Keep quiet or become a collateral damage -- China's message to Australia is quite clear

WION New Delhi, Delhi, India May 27, 2020, 11.36 PM(IST) Edited By: Palki Sharma

Barley tariffs Photograph:( Reuters )

Story highlights

Australia vehemently backed the United States in questioning China over the actions it took in the aftermath of the coronavirus outbreak. China was also angered by Australia’s call for an independent inquiry into the origins of coronavirus.

China's latest ties with Australia has been an example of "keep quiet or become a collateral damage."

Australia vehemently backed the United States in questioning China over the actions it took in the aftermath of the coronavirus outbreak. China was also angered by Australia’s call for an independent inquiry into the origins of coronavirus.

Already reeling under the double whammy, China added to tensions with Australia by announcing anti-dumping and anti-subsidy duties totalling 80.5% on Australian barley imports from May 19, halting a billion-dollar trade between them.

China’s Ministry of Commerce said it had confirmed dumping by Australia and significant damage on its domestic industry as a result, following an inquiry which began in 2018.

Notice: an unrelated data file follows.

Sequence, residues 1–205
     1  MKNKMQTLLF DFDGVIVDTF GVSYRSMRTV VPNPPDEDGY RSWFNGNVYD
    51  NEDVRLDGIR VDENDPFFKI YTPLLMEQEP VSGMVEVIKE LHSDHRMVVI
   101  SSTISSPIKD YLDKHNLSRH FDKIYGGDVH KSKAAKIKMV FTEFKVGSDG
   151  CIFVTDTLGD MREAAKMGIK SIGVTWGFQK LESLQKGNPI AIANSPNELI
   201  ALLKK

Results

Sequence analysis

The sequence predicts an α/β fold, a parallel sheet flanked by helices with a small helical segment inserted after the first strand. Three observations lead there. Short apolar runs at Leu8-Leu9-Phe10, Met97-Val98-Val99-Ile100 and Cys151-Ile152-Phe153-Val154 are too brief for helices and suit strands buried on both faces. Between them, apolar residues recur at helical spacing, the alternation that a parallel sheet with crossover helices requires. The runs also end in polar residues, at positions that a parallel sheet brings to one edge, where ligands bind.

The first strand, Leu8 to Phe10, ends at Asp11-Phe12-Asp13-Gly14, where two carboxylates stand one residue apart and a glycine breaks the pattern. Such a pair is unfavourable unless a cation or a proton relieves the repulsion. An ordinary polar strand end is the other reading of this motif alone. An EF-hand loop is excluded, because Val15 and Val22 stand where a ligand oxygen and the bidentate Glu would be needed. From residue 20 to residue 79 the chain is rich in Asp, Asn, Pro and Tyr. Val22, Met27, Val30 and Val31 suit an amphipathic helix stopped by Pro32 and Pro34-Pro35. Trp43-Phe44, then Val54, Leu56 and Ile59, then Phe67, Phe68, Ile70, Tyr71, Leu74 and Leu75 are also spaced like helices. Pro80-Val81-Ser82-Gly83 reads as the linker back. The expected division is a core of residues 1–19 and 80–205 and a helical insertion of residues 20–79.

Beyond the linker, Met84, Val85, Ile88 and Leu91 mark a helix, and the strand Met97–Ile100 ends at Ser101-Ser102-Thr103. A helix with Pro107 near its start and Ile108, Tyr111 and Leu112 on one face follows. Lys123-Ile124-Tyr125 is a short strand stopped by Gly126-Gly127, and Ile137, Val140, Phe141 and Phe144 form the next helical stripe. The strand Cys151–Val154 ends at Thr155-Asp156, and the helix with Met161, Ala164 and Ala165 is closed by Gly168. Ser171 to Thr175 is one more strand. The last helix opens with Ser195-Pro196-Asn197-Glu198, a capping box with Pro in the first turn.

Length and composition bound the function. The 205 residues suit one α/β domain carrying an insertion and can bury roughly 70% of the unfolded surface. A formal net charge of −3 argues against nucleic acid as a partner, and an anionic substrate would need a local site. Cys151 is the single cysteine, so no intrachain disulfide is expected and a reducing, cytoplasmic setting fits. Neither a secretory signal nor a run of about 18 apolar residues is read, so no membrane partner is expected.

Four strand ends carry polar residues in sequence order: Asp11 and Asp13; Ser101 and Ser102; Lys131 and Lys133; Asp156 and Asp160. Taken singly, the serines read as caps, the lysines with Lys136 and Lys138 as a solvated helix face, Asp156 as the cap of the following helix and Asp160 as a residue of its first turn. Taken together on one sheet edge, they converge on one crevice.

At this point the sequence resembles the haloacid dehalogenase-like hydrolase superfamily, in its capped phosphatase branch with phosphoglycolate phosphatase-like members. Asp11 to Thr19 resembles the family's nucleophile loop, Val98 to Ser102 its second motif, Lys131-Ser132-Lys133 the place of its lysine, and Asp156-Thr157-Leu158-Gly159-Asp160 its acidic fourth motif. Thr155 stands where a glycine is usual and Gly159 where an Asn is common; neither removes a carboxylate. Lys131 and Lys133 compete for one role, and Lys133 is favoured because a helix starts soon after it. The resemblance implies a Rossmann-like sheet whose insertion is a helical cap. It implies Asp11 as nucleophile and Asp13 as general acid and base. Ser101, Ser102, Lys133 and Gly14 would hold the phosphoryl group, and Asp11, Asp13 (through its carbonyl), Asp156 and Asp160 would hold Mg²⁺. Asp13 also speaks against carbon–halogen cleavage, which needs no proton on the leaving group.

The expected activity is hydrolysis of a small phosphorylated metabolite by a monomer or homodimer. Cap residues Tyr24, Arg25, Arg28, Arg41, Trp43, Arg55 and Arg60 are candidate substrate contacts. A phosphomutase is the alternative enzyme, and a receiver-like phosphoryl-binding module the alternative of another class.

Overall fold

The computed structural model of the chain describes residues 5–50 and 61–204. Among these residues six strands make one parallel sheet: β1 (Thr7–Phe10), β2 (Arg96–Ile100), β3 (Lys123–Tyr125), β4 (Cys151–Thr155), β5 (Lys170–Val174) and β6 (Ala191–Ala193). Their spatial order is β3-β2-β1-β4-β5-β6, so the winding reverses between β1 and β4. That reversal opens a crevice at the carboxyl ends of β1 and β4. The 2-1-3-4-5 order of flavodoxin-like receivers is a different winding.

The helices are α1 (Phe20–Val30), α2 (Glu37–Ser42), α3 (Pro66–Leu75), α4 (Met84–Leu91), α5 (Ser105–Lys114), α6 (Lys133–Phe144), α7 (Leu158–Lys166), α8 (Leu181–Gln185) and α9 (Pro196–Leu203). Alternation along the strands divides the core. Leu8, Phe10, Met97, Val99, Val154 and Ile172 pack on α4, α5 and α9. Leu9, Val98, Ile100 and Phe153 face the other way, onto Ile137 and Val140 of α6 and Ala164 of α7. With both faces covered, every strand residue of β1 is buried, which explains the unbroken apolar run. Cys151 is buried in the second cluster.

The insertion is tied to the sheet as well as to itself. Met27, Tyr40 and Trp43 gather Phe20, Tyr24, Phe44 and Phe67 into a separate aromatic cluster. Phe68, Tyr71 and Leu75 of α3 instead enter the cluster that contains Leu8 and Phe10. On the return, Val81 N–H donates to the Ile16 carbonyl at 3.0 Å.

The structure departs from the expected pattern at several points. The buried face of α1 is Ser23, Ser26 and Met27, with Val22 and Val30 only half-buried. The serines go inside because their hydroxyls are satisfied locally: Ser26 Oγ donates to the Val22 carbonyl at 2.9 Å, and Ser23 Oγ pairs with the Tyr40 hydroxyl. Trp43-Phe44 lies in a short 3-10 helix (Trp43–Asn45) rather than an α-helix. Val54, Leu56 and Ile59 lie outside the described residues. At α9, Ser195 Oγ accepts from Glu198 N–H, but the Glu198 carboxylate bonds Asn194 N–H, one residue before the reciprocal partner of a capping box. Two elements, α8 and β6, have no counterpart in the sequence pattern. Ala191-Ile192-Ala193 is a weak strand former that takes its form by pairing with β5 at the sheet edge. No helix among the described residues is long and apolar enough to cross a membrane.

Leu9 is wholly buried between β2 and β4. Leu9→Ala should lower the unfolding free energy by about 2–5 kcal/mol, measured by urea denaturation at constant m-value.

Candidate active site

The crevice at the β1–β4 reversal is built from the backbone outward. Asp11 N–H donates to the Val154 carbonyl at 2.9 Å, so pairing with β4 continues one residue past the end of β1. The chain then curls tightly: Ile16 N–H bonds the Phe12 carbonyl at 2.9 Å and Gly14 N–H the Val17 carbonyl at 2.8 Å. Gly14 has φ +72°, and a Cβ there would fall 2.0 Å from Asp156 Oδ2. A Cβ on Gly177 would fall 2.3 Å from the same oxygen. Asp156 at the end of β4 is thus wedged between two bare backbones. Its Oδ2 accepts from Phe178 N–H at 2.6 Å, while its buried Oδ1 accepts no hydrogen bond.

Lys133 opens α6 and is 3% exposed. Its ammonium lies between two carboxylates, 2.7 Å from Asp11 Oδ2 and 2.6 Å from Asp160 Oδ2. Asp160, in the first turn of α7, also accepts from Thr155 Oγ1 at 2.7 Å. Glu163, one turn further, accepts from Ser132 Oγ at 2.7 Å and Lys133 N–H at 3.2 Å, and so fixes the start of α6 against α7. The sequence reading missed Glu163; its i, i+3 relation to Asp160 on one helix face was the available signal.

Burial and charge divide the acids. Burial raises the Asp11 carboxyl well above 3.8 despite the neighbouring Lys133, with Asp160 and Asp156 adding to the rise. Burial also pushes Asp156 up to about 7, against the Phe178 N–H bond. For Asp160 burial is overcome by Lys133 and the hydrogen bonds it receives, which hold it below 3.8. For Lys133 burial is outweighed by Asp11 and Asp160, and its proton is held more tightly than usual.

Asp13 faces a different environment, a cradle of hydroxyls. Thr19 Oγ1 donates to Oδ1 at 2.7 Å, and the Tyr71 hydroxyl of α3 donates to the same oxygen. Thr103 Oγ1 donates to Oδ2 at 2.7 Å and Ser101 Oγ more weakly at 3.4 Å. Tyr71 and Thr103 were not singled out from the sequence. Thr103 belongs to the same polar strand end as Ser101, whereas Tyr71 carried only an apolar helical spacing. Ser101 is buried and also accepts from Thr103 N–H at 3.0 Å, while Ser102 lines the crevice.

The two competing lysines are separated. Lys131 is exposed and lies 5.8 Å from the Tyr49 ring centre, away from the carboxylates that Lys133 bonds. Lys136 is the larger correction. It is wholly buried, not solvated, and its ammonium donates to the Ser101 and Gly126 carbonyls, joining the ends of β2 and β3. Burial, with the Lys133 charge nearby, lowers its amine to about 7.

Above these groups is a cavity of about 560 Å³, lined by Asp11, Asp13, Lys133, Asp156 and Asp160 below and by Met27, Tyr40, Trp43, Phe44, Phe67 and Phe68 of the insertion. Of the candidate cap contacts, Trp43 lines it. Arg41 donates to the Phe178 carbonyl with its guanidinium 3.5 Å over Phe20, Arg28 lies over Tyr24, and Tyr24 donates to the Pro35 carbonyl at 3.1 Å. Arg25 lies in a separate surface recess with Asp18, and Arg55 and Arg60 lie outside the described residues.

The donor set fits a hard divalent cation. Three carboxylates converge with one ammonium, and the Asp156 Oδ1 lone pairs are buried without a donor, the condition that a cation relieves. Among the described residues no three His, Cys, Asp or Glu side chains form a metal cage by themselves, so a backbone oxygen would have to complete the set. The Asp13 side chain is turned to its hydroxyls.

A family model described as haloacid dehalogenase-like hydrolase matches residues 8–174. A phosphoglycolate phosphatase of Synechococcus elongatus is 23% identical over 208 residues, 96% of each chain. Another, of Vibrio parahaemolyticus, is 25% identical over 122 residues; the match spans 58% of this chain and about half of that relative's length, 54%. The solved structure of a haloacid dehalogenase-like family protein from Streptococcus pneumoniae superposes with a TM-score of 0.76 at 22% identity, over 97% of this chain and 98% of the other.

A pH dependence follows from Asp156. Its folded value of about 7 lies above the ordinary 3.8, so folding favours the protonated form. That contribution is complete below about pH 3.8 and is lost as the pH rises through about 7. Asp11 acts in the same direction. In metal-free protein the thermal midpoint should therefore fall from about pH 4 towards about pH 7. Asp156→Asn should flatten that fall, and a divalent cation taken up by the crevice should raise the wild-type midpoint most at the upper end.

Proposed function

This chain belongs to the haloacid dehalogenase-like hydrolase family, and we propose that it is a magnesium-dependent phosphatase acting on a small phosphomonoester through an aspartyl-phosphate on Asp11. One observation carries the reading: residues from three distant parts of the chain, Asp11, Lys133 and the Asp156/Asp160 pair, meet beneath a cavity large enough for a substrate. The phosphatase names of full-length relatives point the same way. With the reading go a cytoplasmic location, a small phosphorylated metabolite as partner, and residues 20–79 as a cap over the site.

The Chinese ministry said duties of 73.6% would be levied on all companies, including four named exporters, The Iluka Trust, Kalgan Nominees Pty. Ltd, JW&JI Mcdonald & Sons and Haycroft Enterprises, as well as an anti-subsidy duty of 6.9%.

Australia is the biggest barley supplier to China, exporting about A$1.5 billion to A$2 billion ($980 million to $1.3 billion) worth a year, which is more than half its exports.

Days later, Beijing also suspended imports from four of Australia’s largest meat processors, worth about 20% of Canberra’s beef exports to China.

In all this, China's message to Australia was quite clear. Beijing will punish Canberra more harshly than it did with Washington -- simply because it is less economically dependent on the former.